Excerpt from The Welsh Girl by Peter Ho Davies, plus links to reviews, author biography & more

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The Welsh Girl

by Peter Ho Davies

The Welsh Girl by Peter Ho Davies
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  • First Published:
    Feb 2007, 352 pages
    Paperback:
    Jan 2008, 352 pages

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“Thank you,” Hess told him. “Und Ihr Deutsch.”

Rotheram looked up and a loop of film slipped off the reel he was removing, swinging loose.

“I only meant you do not seem to need the subtitles, Captain.”

Rotheram recoiled the film tightly.

“But perhaps I should be complimenting you on your English instead.”

Mills barked out a little laugh and then looked puzzled. “I’m not sure I get it.”

“It’s not a joke,” Hess said pleasantly. “I’m asking if Captain Roth-eram” — he drew the name out — “is a German Jew.”

Rotheram felt the others turning to look at him, the major sitting up straighter. He kept his eyes on Hess but felt himself coloring in the gloom.

“Well,” Mills said. “I’d never have guessed.”

“You have to know what to look for,” Hess said nonchalantly, as if it were a parlor trick.

“But Jews can’t be German, Deputy Reichsführer,” Rotheram told him flatly. “Or did you forget that also?”

Hess’s lips twitched, a small moue.

“Besides, you’re wrong.” But even as he said it, Rotheram was conscious of his accent asserting itself, as it did when he was tired or angry.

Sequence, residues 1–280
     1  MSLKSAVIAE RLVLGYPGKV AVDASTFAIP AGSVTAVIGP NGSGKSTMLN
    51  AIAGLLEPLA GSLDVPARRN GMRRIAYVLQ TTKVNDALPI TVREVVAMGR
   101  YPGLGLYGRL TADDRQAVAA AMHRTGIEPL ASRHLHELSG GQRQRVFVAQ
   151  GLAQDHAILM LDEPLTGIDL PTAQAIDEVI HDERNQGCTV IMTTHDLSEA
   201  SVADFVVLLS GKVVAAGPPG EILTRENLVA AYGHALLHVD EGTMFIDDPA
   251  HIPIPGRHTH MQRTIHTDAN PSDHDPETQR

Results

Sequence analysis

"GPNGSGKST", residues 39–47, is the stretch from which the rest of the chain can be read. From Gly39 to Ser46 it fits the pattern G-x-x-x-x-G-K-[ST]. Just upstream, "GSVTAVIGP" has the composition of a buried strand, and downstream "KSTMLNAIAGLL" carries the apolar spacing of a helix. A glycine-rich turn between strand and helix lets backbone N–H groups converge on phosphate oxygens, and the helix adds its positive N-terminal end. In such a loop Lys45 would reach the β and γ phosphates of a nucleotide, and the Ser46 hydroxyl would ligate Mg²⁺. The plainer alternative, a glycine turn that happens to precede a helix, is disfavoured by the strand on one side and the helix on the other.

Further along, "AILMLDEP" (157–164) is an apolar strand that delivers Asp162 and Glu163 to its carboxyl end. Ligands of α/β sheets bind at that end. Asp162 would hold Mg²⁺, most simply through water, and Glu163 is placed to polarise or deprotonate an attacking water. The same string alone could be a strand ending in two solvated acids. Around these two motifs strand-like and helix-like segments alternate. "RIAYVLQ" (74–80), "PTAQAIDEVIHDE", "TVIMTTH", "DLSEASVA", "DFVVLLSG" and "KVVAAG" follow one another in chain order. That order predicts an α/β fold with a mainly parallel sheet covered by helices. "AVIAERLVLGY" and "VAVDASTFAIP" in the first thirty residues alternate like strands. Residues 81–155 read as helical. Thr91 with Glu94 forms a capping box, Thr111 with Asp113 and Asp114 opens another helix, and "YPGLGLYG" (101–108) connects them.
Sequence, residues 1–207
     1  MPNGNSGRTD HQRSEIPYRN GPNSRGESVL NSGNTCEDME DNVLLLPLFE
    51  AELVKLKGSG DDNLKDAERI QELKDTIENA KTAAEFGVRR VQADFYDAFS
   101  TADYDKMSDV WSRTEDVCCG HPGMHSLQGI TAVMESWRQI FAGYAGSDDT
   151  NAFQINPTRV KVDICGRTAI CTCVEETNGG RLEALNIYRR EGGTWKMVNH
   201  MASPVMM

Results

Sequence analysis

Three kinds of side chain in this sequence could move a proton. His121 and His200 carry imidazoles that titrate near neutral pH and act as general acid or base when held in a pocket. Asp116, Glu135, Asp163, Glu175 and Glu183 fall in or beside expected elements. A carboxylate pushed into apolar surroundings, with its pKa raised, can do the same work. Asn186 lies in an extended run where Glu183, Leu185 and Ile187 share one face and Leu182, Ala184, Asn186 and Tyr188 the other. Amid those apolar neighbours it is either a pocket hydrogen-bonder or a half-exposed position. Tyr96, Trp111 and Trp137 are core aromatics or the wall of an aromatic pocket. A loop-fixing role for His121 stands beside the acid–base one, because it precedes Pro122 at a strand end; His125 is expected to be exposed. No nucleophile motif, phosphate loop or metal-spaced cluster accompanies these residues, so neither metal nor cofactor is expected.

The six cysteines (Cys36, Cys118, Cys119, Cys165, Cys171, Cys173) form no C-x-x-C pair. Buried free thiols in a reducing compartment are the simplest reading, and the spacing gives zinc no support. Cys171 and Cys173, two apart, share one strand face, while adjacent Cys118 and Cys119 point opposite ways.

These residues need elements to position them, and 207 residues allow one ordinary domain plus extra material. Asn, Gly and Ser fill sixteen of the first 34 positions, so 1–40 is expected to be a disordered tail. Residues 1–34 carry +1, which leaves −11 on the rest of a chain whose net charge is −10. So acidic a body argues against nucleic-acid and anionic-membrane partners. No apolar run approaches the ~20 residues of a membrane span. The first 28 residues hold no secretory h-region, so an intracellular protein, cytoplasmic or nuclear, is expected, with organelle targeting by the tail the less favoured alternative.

“My mistake, I’m sure.”

“Captain,” the major called wearily. “Let’s press on, shall we?”

The second reel moved to the evening events of the 1934 Reich Party Day, a grainy sea of flags waving in a torch-lit parade, and finally to footage of Hess himself, starkly pale under the floodlights, rallying the crowd, leading the ovation until his voice cracked with the effort. In the drawing room, Rotheram watched Hess closely, saw him flinch slightly, his nostrils flaring as his younger face stared down at him. His eyes, beneath his bushy brows, widened as he watched, and he seemed to clutch himself, his crossed arms drawing tighter, his leg hitched higher on his thigh. The tip of his cigarette glowed in the dark, and the smoke twisted up through the projector’s beam like a spirit. At the next break, he called for some light and said he needed to stretch his legs. He rose and walked twice around the room quickly, his limp jagged, his head bent.

Mills tried to join him. “Are you cold?” But Hess waved him away, and the doctor approached Rotheram instead.

“How much longer?”

“One more reel.”

“Good. I don’t want him too agitated.”

Rotheram looked up. “Isn’t that the point?”

“It’s your point, my friend. My job’s to keep him healthy. I don’t want him stressed or overtired.”

“I understood —”

“You understood wrong,” Mills hissed. “And don’t be thinking you can go around my back to the old man. He and I have an understanding.”

Rotheram looked up and saw the major watching.

“Do you mind?” he asked Mills steadily. “I’d like to start this.”

Mills turned and motioned curtly for one of the corporals to light a fire. There was a clatter of coal from the scuttle, and for a few seconds they all watched as the flame caught.

The final reel showed Hitler addressing the crowd, and Hess sank against the seat cushions as if he were trying to smother himself in the chair. Rotheram, glancing round, noticed Redgrave and Mills thoroughly engrossed in the film, intent on the younger Hess, the one formed from shadow and light. Turning back, he found Hess studying him. Their eyes met for a moment — Hess’s dark, but shining — before Rotheram had to look away, his heart racing, as if the figure on the screen had met his gaze.

Copyright © 2007 by Peter Ho Davies. Reprinted by permission of Houghton Mifflin Company.

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